Mine Faces Grave Protest

Burmese villagers take to a cemetery to oppose a copper mine.
Email story
Comment on this story
Share story
Print story
  • Print
  • Share
  • Comment
  • Email
Demonstrators march on a road near the mine in Salingyi township, Sept. 5, 2012.
Demonstrators march on a road near the mine in Salingyi township, Sept. 5, 2012.

Over 1,000 villagers invoked the spirits of their ancestors this week to back demands for the closure of a large copper mine in northern Burma, as activists and the mining company filed lawsuits against each other amid persistent protests over the project.

Staging a dramatized demonstration at a graveyard, the villagers said the Chinese co-owned mine in the Letpadaung mountain range near Sagaing division's Monywa city had displaced them from land cultivated by generations of their ancestors.

At the “Cries of Our Ancestors” demonstration in a cemetery near Sinde village on Tuesday, protest leaders dressed up as the dead with body paint and loose hair and lay on graves like underworld spirits amid shouts decrying the loss of land.

"We went there and cried. We cried for the land lost, for the disappearance of the Letpadaung mountains,” Phyu Phyu Win, one of the protest leaders, told RFA as people from 26 villagers protested..

“We cried for our suffering, so that even the souls of the dead and spirits from underworld will come out to protect our country and land—that’s the kind of theatrical performance we did."

Phyu Phyu Win was among 12 activists detained last month at protests over the mine, which is being developed by Wan Bao Co.—a subsidiary of state-owned Chinese arms manufacturer North China Industries Corp. (Norinco)— and Burma’s army-owned Union of Myanmar Economic Holding.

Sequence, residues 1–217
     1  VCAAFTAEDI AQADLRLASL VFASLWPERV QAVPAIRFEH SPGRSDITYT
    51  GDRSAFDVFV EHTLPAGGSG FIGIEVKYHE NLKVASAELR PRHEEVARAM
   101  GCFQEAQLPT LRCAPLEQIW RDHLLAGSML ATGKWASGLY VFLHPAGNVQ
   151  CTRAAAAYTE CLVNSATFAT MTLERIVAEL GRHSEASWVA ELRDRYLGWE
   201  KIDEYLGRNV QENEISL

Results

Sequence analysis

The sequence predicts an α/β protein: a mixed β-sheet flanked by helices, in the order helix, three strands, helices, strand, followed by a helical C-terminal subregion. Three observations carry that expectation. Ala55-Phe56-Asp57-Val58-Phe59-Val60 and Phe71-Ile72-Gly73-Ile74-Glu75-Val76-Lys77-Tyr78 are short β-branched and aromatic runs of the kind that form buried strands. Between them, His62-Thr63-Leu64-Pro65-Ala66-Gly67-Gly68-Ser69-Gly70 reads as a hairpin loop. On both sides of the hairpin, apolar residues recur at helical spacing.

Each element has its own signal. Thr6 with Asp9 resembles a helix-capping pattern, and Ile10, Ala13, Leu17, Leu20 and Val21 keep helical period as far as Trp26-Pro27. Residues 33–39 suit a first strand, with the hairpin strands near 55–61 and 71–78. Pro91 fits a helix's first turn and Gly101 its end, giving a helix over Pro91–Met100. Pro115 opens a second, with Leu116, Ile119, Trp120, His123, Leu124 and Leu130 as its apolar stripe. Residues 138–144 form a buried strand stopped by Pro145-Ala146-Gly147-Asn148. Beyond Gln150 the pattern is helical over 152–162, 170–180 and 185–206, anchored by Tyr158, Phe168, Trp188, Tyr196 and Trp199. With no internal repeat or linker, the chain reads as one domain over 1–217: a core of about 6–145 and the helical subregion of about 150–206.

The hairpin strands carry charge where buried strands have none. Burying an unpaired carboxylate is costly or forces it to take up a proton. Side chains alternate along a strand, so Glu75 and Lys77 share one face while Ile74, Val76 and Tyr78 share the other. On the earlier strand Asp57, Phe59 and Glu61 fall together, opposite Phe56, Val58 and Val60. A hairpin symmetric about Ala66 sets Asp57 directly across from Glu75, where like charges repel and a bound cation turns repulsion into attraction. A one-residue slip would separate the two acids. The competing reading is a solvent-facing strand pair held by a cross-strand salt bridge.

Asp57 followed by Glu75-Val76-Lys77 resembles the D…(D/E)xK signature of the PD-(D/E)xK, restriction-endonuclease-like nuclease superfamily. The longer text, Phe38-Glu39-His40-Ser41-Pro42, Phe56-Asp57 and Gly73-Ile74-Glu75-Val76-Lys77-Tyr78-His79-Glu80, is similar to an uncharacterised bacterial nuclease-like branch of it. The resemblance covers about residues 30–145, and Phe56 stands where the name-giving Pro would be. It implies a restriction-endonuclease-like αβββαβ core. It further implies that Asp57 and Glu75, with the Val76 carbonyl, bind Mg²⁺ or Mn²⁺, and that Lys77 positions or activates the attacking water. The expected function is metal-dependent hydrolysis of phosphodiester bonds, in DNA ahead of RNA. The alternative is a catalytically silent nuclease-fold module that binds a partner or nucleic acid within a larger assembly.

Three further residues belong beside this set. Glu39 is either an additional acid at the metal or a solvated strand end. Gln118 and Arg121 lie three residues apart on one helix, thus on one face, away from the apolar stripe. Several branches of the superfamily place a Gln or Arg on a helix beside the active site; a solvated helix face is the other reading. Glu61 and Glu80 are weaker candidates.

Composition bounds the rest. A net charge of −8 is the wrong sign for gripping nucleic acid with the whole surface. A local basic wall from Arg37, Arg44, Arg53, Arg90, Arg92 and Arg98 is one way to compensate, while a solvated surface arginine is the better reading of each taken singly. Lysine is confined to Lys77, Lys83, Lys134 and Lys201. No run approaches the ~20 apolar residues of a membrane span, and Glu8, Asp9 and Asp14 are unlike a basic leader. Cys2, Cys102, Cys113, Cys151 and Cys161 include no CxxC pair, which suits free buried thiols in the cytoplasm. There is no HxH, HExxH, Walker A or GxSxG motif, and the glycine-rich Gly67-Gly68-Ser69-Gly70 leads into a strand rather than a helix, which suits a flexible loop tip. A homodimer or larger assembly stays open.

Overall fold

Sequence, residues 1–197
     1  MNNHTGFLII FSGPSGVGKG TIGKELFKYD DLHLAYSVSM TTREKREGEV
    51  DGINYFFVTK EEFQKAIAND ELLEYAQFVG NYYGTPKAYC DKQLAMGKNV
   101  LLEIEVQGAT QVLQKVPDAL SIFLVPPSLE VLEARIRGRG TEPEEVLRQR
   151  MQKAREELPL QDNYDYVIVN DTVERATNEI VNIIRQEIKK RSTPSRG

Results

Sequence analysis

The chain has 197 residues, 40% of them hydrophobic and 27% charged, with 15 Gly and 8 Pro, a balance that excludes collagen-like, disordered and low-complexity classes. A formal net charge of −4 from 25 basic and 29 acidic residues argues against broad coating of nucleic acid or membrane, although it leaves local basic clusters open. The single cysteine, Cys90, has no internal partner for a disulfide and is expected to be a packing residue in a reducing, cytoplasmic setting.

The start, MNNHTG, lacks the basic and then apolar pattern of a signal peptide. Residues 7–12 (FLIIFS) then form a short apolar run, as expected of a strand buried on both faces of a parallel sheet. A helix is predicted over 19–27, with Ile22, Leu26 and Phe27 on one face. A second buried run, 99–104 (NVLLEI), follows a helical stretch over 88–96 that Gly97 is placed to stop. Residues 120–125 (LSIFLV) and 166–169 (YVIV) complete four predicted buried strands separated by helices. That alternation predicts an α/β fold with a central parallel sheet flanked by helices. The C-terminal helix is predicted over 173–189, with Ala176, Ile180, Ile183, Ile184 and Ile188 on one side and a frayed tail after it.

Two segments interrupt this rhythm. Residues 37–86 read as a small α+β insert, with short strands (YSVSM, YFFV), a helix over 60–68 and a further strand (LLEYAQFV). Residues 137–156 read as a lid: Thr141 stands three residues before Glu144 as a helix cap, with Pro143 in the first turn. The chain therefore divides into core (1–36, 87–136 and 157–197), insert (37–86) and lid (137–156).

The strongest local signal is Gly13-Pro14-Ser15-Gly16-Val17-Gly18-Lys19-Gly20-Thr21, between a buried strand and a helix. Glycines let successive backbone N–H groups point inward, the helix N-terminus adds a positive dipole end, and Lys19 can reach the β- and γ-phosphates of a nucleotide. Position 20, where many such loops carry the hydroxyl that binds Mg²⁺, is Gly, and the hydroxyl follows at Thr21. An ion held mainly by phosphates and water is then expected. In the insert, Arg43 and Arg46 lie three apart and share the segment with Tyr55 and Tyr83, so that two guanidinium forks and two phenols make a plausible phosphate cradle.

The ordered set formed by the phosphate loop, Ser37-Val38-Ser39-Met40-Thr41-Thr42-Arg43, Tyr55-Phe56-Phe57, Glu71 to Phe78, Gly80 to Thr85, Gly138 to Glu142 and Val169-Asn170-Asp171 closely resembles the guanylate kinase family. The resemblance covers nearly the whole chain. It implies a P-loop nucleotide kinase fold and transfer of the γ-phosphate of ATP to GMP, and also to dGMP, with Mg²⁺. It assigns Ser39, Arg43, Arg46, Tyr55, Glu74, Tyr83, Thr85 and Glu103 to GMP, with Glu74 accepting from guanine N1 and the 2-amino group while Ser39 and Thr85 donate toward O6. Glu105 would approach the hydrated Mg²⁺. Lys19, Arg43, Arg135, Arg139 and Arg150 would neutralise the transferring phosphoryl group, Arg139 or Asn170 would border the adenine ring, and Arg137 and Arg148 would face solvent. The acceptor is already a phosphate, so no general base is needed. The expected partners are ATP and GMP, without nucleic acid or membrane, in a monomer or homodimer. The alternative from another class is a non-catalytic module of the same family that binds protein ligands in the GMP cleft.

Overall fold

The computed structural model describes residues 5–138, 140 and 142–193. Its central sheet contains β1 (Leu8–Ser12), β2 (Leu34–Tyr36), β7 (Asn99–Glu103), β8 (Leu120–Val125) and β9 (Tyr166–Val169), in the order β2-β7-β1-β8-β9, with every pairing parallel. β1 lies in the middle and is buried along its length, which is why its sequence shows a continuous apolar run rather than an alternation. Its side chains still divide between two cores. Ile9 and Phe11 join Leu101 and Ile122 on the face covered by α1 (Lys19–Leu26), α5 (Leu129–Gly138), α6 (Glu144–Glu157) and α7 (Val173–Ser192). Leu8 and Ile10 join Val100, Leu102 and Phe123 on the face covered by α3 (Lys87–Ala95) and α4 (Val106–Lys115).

Villagers charge that the mine developers have illegally confiscated more than 8,000 acres (3,200 hectares) of farmland from 26 villages since 2011, and say they fear pollution in the area.

In protests that have attracted growing support from the people and rights groups around the country, villagers have mobbed Bao's offices since August to demand adequate compensation, the return of confiscated lands, a stop to forced relocations, and an end to the dumping of waste on their fields.


Separately on Tuesday, local villagers filed a lawsuit at the Salingyi township suing Wan Bao and the Union of Myanmar Economic Holding. They charged that the companies destroyed monasteries in the area, took villagers’ land, and threatened them.

Only three representatives per village were allowed to register as plaintiffs in the suit, while other villagers signed as witnesses.

The measure follows a defamation lawsuit filed by the mine’s developers last week against 16 activists for their role in protests involving the burning coffins in effigy bearing the mining company’s name.

Palm tree protest

Protests continued near Sinde village on Wednesday, with some 2,000 villagers staging a palm-planting demonstration to lay claim to land that had been cleared for the mine.

Some 2,000 villagers planted toddy palms on a 20-acre (eight-hectare) area outside Sinde village to replace those bulldozed by the mine developer.

"We are planting in protest against the copper mine project by Wan Bao company, in an area where they have cut down altogether about 1,000 palm trees. We are replanting 2,000 trees here, one tree per person,” a Sinde resident named Kyaw Naing said.

While planting the palms, protestors shouted chants calling for a complete stop to the mine project while carrying signboards with slogans such as "Greening our country and our village with our strength,” he said.

The villagers had not received permission to plant trees on the land, and Wan Bao posted security personnel near the mine area and around the mountain to monitor their activities from a distance with binoculars, he added.

Another Sinde resident, Moe Zaw Tun, said villagers had not received the compensation they were originally promised by Wan Bao for the trees that were cut down.

"At first they said they would give villagers compensation for palm trees higher than three feet, and later they changed it to nine feet. And for the payment, they changed that from 5000 kyats [about U.S. $6] per tree to 10,000 kyats [U.S. $12]. Some people took it, but some didn't. I did not,” he said.

He said villagers were angry about the destruction of the land in the mine area.

"The company bulldozed palm trees and farmland, and now they are building a road here and dumping waste on the land. We villagers think this is not fair. As long as they keep destroying our land, we will keep doing what we are doing."

Reported by Tin Aung Khine for RFA’s Myanmar Service. Translated by Khin May Zaw. Written in English by Rachel Vandenbrink.





More Listening Options

View Full Site